Unfortunately, because of the extensive systemic involvement due to alterations in neurological activity in the brain, treatment options may not be effective. When dealing with patients suffering from PTSD, the most likely treatment to be prescribed is a combination of anti-depressants, anti-psychotics and cognitive behavioral therapy. Studies show that patients receiving this combination had a significantly better quality of lives compared to those who decided not to have treatment. Due to federal budget deficits and insufficient resources, it may be hard for families to find continued relief if they are financially limited and those who have PTSD can regress to their post-war status if therapy is not maintained. [6]

How Does it Relate to Erectile Dysfunction? 

There is an obvious link between erectile dysfunction and military veterans suffering from post-traumatic stress disorder. One investigation was able to quantify it into more comprehensible terms and showed that veterans suffering from PTSD had concomitant erectile dysfunction in 85 percent of cases compared to 22 percent in controls (veterans who did not have PTSD). Erectile dysfunction was determined to also be moderate or severe in 45 percent of cases compared to only 13 percent of controls. This study also indicated that war veterans suffering from PTSD had the same level of sexual desire as those veterans not suffering from PTSD but had difficulty with arousal and ejaculation, proving that those afflicted were not just too traumatized for sex. [7

Even if there are many factors that could be the cause of this erectile dysfunction, the prevalence of anti-depressant and antipsychotic medications can be a primary cause for this scenario. Some of the more common side effects of anti-depressants like SSRIs (serotonin -selective reuptake inhibitors) include anxiety, insomnia, and sexual dysfunction so it is quite possible that the pharmacological treatment prescribed to veterans suffering from PTSD may also be causing their ED. [8] These are also the gold-standard treatment option for patients suffering from ED.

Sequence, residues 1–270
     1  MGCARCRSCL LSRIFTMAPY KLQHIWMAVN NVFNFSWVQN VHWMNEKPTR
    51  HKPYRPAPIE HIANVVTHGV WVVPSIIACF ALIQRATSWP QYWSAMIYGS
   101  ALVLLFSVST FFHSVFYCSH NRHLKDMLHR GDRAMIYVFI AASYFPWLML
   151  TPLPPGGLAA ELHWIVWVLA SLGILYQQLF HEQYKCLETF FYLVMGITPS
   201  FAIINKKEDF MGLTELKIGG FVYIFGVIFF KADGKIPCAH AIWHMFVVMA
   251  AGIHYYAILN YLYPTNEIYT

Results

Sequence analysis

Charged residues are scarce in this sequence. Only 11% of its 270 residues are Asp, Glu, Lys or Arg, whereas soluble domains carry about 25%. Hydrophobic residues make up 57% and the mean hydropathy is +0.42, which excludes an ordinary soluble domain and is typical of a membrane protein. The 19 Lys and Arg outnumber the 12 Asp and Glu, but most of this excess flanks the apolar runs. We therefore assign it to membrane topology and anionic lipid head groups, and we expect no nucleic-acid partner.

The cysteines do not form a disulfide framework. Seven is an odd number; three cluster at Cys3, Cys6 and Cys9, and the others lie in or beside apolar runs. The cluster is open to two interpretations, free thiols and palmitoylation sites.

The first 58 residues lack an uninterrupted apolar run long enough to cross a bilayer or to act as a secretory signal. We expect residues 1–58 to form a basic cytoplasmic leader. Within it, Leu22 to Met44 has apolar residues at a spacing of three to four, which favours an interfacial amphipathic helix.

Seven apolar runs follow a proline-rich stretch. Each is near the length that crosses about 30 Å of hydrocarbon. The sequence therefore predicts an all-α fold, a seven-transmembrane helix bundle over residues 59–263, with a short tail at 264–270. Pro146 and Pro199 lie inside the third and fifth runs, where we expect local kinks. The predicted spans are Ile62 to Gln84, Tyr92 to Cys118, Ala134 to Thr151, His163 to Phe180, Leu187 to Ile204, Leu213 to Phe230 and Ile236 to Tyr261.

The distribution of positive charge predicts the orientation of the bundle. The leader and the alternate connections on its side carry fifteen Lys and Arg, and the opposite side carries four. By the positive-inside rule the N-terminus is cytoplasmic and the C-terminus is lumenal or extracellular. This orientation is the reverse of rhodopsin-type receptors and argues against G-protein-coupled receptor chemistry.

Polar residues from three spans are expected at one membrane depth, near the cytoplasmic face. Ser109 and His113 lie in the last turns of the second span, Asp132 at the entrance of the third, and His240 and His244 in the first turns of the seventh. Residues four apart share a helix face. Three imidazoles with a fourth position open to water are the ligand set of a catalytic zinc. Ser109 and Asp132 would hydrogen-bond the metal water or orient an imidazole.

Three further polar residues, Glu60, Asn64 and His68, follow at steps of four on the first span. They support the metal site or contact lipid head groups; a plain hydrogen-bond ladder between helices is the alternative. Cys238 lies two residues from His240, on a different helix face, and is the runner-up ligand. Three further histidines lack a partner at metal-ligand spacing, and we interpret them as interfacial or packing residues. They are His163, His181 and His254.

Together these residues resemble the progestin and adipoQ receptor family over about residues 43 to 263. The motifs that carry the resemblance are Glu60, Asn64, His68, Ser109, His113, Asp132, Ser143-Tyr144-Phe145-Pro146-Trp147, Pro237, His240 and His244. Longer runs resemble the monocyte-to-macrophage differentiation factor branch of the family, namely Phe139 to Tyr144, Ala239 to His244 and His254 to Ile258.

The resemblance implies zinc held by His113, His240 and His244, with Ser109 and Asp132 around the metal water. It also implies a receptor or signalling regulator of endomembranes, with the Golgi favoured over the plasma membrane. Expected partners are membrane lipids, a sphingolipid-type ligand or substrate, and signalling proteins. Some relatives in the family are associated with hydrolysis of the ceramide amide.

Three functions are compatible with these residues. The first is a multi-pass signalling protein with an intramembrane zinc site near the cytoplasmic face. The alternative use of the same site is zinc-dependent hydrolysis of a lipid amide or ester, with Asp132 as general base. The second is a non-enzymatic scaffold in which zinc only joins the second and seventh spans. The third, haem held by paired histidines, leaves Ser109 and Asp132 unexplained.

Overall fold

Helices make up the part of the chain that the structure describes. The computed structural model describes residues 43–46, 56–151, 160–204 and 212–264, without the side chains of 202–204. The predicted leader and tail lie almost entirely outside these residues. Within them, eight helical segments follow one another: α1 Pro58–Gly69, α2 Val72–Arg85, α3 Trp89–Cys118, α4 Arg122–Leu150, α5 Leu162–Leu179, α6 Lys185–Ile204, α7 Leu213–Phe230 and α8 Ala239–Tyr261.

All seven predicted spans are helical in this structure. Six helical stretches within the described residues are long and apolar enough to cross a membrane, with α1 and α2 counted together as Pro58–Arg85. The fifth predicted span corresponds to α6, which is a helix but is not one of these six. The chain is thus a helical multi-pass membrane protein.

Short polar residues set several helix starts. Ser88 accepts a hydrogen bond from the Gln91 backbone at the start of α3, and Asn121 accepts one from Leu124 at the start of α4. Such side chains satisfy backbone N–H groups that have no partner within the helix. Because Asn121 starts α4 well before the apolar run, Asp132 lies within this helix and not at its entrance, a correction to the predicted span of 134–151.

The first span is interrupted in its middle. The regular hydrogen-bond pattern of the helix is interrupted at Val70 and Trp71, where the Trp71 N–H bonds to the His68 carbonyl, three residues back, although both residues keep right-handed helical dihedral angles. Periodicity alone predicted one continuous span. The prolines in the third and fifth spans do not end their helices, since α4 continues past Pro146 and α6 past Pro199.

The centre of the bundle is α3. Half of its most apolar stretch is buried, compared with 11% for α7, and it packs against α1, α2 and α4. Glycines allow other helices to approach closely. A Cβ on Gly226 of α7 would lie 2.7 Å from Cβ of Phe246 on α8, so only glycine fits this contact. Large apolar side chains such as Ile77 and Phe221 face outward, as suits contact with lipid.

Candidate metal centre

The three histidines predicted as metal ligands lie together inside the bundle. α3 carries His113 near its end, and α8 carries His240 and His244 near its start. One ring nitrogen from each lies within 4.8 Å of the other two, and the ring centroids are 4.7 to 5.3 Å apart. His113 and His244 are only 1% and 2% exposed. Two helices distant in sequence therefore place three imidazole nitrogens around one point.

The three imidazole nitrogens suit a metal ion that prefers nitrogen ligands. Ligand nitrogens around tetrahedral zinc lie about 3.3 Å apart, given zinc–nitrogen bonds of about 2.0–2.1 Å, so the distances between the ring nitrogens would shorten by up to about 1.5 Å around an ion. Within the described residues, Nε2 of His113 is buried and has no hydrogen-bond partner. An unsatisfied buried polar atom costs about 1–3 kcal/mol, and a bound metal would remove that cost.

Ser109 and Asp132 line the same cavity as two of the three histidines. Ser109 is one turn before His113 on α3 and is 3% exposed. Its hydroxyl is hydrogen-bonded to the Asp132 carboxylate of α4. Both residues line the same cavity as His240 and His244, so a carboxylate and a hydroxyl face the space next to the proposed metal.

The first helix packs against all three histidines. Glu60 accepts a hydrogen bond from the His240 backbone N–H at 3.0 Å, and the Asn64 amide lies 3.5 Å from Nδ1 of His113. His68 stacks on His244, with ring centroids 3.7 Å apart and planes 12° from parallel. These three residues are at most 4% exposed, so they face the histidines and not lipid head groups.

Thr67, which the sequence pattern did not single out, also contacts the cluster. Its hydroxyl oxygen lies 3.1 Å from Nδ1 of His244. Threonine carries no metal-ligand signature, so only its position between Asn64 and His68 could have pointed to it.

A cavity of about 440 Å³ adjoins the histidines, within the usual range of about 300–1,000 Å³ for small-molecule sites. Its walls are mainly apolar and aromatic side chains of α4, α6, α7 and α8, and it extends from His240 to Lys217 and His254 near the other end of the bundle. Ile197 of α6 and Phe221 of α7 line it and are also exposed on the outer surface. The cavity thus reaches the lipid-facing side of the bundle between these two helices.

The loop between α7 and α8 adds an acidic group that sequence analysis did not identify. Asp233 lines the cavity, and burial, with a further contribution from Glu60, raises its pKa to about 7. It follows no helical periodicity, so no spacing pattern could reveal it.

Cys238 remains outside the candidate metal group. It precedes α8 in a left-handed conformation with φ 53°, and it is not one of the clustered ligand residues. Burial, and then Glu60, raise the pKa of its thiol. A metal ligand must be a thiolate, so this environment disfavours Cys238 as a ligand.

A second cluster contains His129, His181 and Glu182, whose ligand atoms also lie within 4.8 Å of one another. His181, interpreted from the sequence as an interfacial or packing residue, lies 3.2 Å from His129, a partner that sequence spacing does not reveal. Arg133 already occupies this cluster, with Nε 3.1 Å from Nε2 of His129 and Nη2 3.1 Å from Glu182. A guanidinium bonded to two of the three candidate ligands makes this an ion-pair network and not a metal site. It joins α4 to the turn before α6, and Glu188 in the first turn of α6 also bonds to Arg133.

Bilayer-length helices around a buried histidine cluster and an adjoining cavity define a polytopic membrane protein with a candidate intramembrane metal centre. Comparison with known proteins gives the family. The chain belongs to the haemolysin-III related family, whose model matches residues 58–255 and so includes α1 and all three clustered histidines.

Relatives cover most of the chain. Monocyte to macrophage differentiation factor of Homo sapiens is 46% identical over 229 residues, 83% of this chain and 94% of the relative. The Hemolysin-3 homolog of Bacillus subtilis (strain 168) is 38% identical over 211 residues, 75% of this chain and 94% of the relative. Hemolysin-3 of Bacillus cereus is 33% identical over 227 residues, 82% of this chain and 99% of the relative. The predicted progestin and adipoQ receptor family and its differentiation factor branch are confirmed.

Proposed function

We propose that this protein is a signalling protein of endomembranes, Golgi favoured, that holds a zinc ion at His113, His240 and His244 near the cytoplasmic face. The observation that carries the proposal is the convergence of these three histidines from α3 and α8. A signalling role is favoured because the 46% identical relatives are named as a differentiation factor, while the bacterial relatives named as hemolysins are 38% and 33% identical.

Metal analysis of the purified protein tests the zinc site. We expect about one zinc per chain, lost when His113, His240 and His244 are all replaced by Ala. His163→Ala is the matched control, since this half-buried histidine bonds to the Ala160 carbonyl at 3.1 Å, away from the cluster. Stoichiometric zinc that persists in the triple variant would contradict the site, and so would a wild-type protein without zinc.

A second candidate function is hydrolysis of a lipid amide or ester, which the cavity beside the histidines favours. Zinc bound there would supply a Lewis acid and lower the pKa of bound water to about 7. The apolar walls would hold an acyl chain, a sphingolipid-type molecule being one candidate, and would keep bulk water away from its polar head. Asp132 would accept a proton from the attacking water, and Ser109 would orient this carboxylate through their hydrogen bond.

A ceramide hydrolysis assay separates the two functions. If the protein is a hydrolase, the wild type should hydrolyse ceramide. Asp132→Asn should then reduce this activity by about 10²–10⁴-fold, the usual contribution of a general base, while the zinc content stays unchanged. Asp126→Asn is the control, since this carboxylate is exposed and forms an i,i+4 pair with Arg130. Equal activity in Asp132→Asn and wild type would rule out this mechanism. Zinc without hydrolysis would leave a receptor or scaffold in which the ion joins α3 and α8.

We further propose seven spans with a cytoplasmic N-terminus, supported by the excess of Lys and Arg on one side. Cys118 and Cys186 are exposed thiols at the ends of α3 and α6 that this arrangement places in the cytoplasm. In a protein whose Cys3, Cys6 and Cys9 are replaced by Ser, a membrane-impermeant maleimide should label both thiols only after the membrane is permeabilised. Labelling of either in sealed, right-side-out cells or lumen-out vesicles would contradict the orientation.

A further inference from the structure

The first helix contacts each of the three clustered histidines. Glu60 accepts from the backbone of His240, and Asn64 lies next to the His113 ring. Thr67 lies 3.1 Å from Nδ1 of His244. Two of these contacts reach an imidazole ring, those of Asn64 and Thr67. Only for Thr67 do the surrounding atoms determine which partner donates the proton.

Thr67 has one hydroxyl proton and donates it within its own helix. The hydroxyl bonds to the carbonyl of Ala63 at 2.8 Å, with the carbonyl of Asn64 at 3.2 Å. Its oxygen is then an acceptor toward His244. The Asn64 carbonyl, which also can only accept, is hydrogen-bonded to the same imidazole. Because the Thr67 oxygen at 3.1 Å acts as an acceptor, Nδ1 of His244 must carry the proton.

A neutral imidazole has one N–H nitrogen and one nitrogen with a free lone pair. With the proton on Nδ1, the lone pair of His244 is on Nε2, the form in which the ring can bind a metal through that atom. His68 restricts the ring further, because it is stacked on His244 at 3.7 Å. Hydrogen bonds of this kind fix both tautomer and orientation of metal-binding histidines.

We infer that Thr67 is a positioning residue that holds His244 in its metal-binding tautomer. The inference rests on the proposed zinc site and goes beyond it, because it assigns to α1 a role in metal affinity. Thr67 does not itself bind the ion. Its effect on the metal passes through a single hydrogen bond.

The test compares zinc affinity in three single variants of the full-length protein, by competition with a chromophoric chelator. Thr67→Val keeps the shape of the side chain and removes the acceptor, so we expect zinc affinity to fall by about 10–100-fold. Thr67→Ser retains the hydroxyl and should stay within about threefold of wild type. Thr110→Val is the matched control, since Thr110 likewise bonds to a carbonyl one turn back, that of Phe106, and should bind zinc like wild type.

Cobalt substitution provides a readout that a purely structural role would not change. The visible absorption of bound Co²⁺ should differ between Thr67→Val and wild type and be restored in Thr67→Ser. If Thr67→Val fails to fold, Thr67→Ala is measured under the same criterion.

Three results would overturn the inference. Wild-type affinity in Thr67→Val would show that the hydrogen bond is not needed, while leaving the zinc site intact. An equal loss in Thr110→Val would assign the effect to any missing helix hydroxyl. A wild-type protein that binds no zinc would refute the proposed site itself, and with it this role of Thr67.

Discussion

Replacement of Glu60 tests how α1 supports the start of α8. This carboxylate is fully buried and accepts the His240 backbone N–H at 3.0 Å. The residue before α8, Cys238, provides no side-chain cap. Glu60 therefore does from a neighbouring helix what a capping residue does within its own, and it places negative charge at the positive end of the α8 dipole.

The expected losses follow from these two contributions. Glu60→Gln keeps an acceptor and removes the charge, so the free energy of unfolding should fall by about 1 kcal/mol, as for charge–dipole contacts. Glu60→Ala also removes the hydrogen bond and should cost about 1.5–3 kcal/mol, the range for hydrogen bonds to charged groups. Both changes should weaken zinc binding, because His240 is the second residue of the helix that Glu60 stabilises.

Another common treatment that patients may be prescribed would be clonazepam, the gold-standard anti-psychotic medication that can be used for PTSD. In one study, out of 42 patients receiving clonazepam, 18 experienced severe erectile dysfunction; over 40 percent. Due to this side effect, veterans complained of poor quality of life and compliance rates were extremely low. [9]

All in all, PTSD has an unfortunately strong link with ED and treatment options are not easy. Because of the cascade of complex problems that are occurring, it can be hard for patients to return to a normal quality of life without treatment but side effects from common medications can inherently lead to erectile dysfunction as well. Even if these are treated, anxiety and stress from war scenarios can be difficult to cope with and psychiatric consultations should be used even years after returning to a normal life. Natural supplements for erectile dysfunction may provide some benefit. In this case and numerous vitamins and dietary supplements for ED are on the market to help fight mood symptoms without having the same panel of side effects.